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American Independence – In Context

What could motivate a nation to take arms against it civil authority, as it did in 1775?  Weapons built for self-defense and hunting, were turned against soldiers and their authority.  What would it take for you to do that same?  Chances are the answer is…pretty much the same.  I don’t think history books capture the essence of the American Revolutionary War.  This short blog will make an attempt.

The American colonies had almost been converted to the world’s largest plantation.  Ruled by Great Britain, they could only buy and sell to Great Britain.  The colonies were at risk of being a clone of Great Britian, complete with ruling class; yet populated by a people who had left the mother country seeking greater liberty.  Liberty in regards to worship, land ownership, and just about everything else.  They had fought and died just to have land to farm.  They had built cities and formed local governments.  But by the 1770’s, the British monarchy had become more foreign than domestic to them, when previously the colonists were proud loyal subjects.  Oppressive economic policies and the lack of any voice to negotiate a different future, provided the motivation and resolve to resist by any means at their disposal.  The rest is history.

Then came the opportunity to rule ourselves.  After a failed first attempt, our founders gave us the Constitution we have now.  Well almost.  After crafting a document that provided for a more cohesive national government, there was concern that a national government would do just what the last government had done.  That is, force laws onto states without proper regard for state’s rights or individual liberties.  So the founders issued a list of liberties and rights so well underscored, they shouldn’t be misunderstood.  You’d think.

The ten amendments (or Bill of Rights) as they were formed then, must be considered in their context to be fully appreciated.  The context is that individual liberty is worth protecting and defending.  They had just been successful won at great sacrifice.  They didn’t want a repeat of another bloody revolution that had countryman at each other’s throats or in each other’s sights.

The 10 Bill of Rights reads like a list of “thou shalt nots,” but that’s THE WHOLE POINT.  These are limitations on the government to protect the liberties that it assumes we already have.  Here is is in my own modern equivalency; sans all SCOTUS “modifications:”

  1. The government will not establish a state church or make it illegal to worship as we see fit to do so. The government will not take steps to keep us from voicing our opinions as individuals or in the form of organized media.  The government will allow us to petition them with our complaints without fear of retribution of any kind.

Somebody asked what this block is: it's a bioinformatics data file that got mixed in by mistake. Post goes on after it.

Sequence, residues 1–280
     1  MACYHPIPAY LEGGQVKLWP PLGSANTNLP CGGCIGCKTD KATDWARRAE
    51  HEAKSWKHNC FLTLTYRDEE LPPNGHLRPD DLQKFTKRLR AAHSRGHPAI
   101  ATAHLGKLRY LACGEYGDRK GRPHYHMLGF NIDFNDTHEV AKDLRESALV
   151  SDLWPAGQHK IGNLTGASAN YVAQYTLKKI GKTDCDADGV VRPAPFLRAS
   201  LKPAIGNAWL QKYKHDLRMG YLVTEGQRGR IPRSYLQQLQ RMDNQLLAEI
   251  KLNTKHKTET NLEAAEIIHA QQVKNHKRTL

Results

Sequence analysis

1. An effective fighting force comprised of citizens is essential to a state (and its people) being free from oppression by a federal government. Therefore, we have the right to own, keep, and carry arms for the purpose of offering a check and balance to what could be oppression by armed soldiers.
  1. The government will never, peace time or in war, forcibly quarter soldiers in private homes. In times of war, that can be changed but only by law.
  1. Unless there is established probably cause, we are free from searches by the government. The government actually had to detail what it is looking for and the place they will be searching.
  1. Unless it during war, people cannot be tried for a major crime unless they are first indicted by a Grand Jury. We can only be tried once for the same crime, cannot be compelled to give testimony in our own trial, or be punished in any form without following the legal process. Also, no one can have property of any kind seized without being paid full market price.
  1. We, as accused individuals have a right to a speedy trial where the crime was committed, and by an impartial jury. We have the right to know the accusation, to confront and question the witnesses against us, provide our own witnesses (by compulsion, if necessary), and to have legal counsel.
  1. We have a right to be tried by a jury of our peers. Courts of Appeal must look at evidence as it was provided during the original trial.
  1. Bail and punishment for crimes should be predetermined without any prejudice toward who a person is.
  1. We have other rights, regardless if they are contained in the Constitution or not. These unmentioned rights are just as important as the rights that are expressly mentioned.
  1. Any power not expressly given or denied by the U.S Constitution, or prohibited by a State, belongs to the States individually or to the people.

Its not hard to understand the Constitution.  But some would have us believe we can’t without rulings from courts.  Many believe that the language can be interpreted through the lens of modern context.  I strongly object to this thinking.  Everything said and done by us or by our founders can only be understood fully, by setting the words in their context.

America was founded by, and remains a nation that values our personal liberties.  We’re not a perfect country.  But this is who we are, or we’ll cease to be Americans.

 

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